• Seasoned Baller Theo Hill Coaches Leadership in Youth through Sports


    Theo Hill is Founder and Executive Director of the M.A.D.E  Foundation, a Chicago-based basketball and leadership program for children. A former basketball player who has played in leagues around the world, he’s passionate about developing character through sports with youth. M.A.D.E celebrated its 10th anniversary in January.

    Ytasha: Why did you create the M.A.D.E Foundation?

    Theo: I have a passion and a need to help kids through basketball and sports. I also wanted to give back to the community. There’s a need for positive role models in the community. I had a place to play when I grew up, I had mentors, I was in the Boys & Girls Club.  You don’t see that as much.

    Ytasha: Tell me about the M.A.D.E program?

    Theo: The program teaches leadership and development through sports.  In sports you learn so many skills and attributes that you need for everyday life and to work in the workforce. You learn discipline, strong work ethic, how to deal with adversity and more.

    We teach the basic fundamentals of basketball, leadership development, as well as health and nutrition.

    Ytasha: Do you have any partnerships?

    Theo: We partnered with the University of Illinois’ “Extension and Outreach” program.  We partner with several Chicago Public Schools, Abraham Lincoln Center, the Gary Comer Center and the Chicago Youth Center.

    Ytasha: How did you decide to launch M.A.D.E?

    Theo: It was a dream that I had. I woke up one day with a vision to give back [to] the youth. I had the entire business plan in the dream.  M.A.D.E – making a difference everywhere. It was a calling, Kind of scary.

    It took five months to get the program in schools.  We get corporate sponsorship, grants from private donors, as well as being contracted out by CPS. New Balance, Comcast, Kenneth Cole have sponsored us.  We’ve won grants from the Springboard Foundation and the Chicago Community Trust.

    Ytasha: How are the children transformed by the program?

    Theo: Their behavior is different. Many had anger management issues. Their physical conditioning is better. We also noticed that their attention improved.

    Ytasha: How many schools are you currently working with?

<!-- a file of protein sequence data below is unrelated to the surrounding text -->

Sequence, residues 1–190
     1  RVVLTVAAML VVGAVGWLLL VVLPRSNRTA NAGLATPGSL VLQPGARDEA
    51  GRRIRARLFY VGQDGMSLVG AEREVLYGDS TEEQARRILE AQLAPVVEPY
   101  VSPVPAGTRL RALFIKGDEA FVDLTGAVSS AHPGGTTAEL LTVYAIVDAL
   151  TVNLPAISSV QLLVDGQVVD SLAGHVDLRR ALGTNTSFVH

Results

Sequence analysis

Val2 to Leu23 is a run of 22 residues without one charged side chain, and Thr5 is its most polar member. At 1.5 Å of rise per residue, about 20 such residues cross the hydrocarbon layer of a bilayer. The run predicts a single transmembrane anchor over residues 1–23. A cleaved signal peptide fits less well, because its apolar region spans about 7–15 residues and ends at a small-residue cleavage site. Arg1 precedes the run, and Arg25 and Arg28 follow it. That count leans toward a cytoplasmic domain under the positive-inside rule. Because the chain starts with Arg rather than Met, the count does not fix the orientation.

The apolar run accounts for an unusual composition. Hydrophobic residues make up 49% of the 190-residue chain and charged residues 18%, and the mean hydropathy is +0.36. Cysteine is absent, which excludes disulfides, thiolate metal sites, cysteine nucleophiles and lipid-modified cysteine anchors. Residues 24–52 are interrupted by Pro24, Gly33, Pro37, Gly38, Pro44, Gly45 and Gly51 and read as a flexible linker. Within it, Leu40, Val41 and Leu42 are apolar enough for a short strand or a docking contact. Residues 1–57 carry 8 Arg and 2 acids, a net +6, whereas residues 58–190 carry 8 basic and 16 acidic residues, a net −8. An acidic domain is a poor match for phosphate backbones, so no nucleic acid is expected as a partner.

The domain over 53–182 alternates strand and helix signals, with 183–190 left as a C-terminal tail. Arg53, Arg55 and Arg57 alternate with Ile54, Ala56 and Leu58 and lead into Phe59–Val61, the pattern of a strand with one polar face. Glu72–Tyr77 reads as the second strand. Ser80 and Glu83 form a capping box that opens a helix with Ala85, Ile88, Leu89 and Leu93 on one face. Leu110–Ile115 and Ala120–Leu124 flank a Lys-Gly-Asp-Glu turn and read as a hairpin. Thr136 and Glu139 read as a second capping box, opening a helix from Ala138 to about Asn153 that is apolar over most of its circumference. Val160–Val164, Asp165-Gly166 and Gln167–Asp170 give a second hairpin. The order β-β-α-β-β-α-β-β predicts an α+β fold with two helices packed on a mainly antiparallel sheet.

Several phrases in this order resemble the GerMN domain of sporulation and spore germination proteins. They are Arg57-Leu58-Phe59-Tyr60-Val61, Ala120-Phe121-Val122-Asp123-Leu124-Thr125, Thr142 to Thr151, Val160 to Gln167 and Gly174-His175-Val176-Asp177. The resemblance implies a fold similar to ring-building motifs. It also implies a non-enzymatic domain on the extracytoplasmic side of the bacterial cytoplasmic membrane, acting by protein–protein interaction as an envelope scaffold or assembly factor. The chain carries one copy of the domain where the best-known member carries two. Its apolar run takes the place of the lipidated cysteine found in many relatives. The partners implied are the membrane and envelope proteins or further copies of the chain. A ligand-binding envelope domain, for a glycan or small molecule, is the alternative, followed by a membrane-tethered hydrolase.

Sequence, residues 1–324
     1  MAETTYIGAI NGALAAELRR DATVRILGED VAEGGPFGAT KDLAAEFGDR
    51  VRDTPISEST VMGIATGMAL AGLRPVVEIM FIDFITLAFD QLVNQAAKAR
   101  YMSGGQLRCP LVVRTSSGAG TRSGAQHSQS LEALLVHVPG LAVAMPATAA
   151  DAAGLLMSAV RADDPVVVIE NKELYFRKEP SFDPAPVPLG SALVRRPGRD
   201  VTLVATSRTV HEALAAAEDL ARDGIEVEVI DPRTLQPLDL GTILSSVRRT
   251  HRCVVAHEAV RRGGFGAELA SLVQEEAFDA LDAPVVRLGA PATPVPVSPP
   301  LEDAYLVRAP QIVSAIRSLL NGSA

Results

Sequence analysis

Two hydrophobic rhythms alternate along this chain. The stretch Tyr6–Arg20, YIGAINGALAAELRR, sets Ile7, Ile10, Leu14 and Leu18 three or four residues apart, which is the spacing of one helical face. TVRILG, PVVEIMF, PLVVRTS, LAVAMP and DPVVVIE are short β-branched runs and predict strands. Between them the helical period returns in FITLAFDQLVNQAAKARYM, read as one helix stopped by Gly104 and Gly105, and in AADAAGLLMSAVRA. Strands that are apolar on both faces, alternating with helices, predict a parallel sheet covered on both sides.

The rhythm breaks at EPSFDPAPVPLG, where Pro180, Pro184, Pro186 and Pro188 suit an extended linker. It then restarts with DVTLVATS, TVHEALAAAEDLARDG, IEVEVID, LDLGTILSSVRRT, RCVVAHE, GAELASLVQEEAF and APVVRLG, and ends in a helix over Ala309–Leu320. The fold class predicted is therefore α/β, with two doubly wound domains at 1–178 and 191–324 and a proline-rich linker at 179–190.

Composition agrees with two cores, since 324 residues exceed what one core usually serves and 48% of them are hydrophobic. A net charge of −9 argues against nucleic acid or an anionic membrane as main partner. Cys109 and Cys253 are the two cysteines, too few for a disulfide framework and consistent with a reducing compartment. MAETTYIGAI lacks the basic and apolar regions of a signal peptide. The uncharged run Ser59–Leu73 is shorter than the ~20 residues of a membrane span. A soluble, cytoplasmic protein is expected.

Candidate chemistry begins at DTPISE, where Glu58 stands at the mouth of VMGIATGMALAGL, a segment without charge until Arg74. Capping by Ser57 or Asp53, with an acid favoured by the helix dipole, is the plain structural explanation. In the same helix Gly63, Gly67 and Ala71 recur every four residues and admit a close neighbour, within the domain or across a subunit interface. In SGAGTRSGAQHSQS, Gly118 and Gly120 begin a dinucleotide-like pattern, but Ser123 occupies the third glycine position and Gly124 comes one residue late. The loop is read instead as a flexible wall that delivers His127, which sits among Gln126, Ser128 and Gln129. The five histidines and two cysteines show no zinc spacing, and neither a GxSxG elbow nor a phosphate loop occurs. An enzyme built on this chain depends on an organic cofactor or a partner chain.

Theo: We’re working with 8 schools and social service agencies. We have 200 kids and 10 staff members.

    Typically, during the school year a program runs from 16 [to] 24 weeks. Our programs are year round. We work with 8-14 schools in a year. In the summer time, it’s twice as much.

    Ytasha: Is this a rewarding experience?

    Theo: I love being able to help kids and to see the growth from the kids for the duration of the program, through high school and college. I might have a kid who has been in my program since the 4rth grade. Many share that they remember the things I taught them.

    Ytasha: What do they remember?

    Theo: They remember a lot of the phrases we have them repeat. ‘I’m a leader and not a follower.’ ‘If you say it you can do it.’ ‘Don’t let anyone tell you that you can’t do anything.’ ‘Strive to do anything that you want to do.’ We also tell them to have confidence. Many don’t have confidence.

    Ytasha: Who are your staff?

    Theo: Some of the staff are teachers, some are college students. I have a couple guys on staff who work with other social service agencies who played overseas. Teachers, college students, former athletes.

    Ytasha: You’ve had some high profile, celebrity fundraisers as well.

    Theo: We had a 3 on 3 by the Lake Community and Family Event. We had games for the kids, venders came out. We had a Celebrity Paintball Event in Hawaii twice. We had another [event] in the Bahamas with Tichina Arnold, Regina King, Ray Lewis, Kris Humphries, Nicholas Gonzalez and Brian Cook.

    Ytasha: Many people want to start nonprofits for kids, but it’s not as easy as it seems.

    Theo: First of all you have to have a passion for it. If you don’t have a passion for working with kids, it will never work. You are not going to get rich from social services.  I’m not in it for the money. You also have to identify what need you want to address. Ours was to teach children that you are a leader, not a follower, so that they don’t look to gangs, etc. Basketball was our hook. 

    Ytasha: Why did you choose to focus on leadership?

    Theo: A lot of kids are followers.  It doesn’t take a rocket scientist to follow behind someone. Your peers, students, classmates respect you a lot more when you’re a leader.

    Not too long ago, there was a kid walking pass, who called my name. I didn’t recognize him at first but he had participated in the M.A.D.E program. He was just about to graduate from high school at the time, he showed me his grades. He had an academic scholarship. He said he remembered some of the things we taught. He was a bad kid when I knew him. Now he’s a basketball coach and a teacher at a high school.

    I follow a lot of the kids. That’s part of our measurable outcomes. We deal with kids up to junior high.  We tell them if they have any problems to talk to us. We’ve helped kids get into college. One of our board members connected us with Ada S. McKinley. A good 60-70% of our kids go on to play sports in high school.

    Ytasha: What’s next?

    Theo: I want to expand it. We want to expand it at the minimum throughout the Midwest, Wisconsin, Indiana and Michigan. 

    For more information on Theo Hill and the M.A.D.E Foundation go to www.madeforchicago.org.

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